CHICAGO – A public forum was held at the UNITE here Nov. 26 to discuss “Alternatives to the Terror Economy,” the economy being promoted by the Bush administration. The forum was organized by the Committee for New Priorities of Chicago Jobs with Justice.

Ron Baiman, an economist working at the University of Illinois Chicago Center for Urban Economic Development, began by asking, “Are we facing a ‘new’ economy, or the same old contradictions of capitalism?” He said that we are indeed in a recession, but believes that its severity and probable length are being underestimated.

According to recent studies, this will be the most serious economic downturn since WWII. The downturn began long before Sept. 11, and is due in large part to the frenzy of spending that supposedly resulted in a “wealth effect.” There was a surge in consumer spending that caused growth in the economy, but it was growth that created crippling debt because it was based on credit, not income.

The mandate to “spend at any cost” was issued during a time in which there was no rise in real wages (which are still below the 1973 level), so only a very small percentage of property owners really benefited from this spending frenzy.

Margaret Blackshere, president of the Illinois Federation of Labor, began by blasting the way that the attacks of Sept. 11 have been used by corporate interests and the White House to disguise an anti-worker, anti-union agenda they were trying to implement well before then. “Bush was scary before Sept. 11,” she said, “and he’s still scary now.”

She recalled how, even as union rescue workers were pulling the bodies of their fallen brothers from the wreckage in New York, “corporate predators had descended on Washington” to obtain massive bail-outs and tax break packages at the expense of taxpayers.

The airline industry bailout, for example, has saved millions for the airline corporations, but no similar assistance has been provided to the tens of thousands of workers who’ve lost their jobs. There will be another big United Airlines layoff in February, she noted.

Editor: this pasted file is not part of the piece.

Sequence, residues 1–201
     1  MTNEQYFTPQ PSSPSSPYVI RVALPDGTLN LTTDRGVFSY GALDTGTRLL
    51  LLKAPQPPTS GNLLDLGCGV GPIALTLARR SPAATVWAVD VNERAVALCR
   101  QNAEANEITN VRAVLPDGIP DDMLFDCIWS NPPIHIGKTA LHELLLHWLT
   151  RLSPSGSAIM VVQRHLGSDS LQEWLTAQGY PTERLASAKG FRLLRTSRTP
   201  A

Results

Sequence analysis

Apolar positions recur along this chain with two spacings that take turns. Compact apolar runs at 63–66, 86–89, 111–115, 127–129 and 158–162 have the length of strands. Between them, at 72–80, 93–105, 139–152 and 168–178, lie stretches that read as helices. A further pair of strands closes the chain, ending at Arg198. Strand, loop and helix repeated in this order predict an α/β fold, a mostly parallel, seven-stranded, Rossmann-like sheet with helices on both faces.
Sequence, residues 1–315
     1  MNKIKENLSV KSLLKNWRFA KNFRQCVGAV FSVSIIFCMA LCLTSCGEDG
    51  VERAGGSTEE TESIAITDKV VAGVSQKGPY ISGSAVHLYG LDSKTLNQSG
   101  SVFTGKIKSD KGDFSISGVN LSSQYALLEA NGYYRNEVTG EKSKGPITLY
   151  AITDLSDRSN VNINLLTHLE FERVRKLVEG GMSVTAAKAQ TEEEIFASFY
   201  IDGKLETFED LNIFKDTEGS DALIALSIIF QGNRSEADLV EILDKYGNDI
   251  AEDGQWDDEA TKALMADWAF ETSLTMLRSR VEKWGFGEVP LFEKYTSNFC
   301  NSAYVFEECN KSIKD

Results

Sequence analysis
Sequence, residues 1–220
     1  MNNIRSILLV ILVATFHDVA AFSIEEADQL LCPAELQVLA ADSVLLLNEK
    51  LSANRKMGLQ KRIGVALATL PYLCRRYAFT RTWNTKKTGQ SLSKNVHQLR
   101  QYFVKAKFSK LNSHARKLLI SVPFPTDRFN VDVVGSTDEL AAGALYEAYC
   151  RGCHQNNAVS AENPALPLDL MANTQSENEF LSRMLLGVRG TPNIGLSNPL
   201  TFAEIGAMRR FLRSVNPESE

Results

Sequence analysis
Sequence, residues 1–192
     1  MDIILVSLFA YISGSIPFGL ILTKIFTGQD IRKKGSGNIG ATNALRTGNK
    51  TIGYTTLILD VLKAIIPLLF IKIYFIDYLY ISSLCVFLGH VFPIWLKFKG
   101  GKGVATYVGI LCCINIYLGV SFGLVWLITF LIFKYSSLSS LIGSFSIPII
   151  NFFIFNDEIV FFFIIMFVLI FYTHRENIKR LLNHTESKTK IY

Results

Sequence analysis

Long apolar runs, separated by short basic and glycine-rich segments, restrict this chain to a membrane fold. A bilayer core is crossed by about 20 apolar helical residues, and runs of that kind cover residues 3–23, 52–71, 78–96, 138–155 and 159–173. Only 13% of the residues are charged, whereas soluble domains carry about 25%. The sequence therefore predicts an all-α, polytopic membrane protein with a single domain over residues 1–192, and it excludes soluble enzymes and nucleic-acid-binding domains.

Blackshere said that organized labor was at a disadvantage because it has developed a pattern of defensive reactions that can be traced back to the PATCO face-off with President Reagan in the 1980s.

After PATCO, unions tended to react with protectionist strategies that prevented them from entering into the sorts of coalitions that could organize resistance to the corporate agenda. But unions have realized that this was a mistake, and are now beginning to work constructively in alliances with other groups.

She outlined the economic stimulus policy proposed by the AFL-CIO. We need far more than an extension of unemployment benefits, she argued; we need a broad expansion of who gets benefits to include those newly employed or employed part-time, welfare-to-work employees, etc. In addition, she stressed that expanding temporary benefits won’t save people from falling into poverty – we need federally funded health insurance and job programs, and the restoration of social service safety nets. We “must not let them take away our rights in favor of corporate rights!”

Bernice Bild, from the Committee for New Priorities, summarized the economic stimulus package proposed by the 57-member Congressional Progressive Caucus. This package is somewhat bigger than that proposed by the AFL-CIO.

The few jobs that will be created (or saved) by the current “war economy” through military spending are inadequate to compensate for the numbers of jobs lost. We should be using the resources that will go into military production for the production of intercity rail services and restoration of urban infrastructures – production that will benefit many people over the long term by providing jobs and improvement of services, she said.

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